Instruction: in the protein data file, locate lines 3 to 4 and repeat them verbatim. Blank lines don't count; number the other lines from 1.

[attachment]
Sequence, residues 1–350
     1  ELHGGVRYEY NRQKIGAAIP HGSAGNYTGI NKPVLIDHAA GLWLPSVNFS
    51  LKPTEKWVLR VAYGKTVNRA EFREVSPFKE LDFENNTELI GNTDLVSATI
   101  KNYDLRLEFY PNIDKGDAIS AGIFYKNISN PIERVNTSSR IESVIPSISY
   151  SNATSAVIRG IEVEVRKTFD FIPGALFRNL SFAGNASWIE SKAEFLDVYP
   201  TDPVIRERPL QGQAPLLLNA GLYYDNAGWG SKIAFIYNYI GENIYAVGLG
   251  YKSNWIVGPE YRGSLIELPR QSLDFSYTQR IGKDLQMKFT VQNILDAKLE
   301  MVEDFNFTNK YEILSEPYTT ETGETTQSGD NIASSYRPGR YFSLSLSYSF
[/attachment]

    51  LKPTEKWVLR VAYGKTVNRA EFREVSPFKE LDFENNTELI GNTDLVSATI
   101  KNYDLRLEFY PNIDKGDAIS AGIFYKNISN PIERVNTSSR IESVIPSISY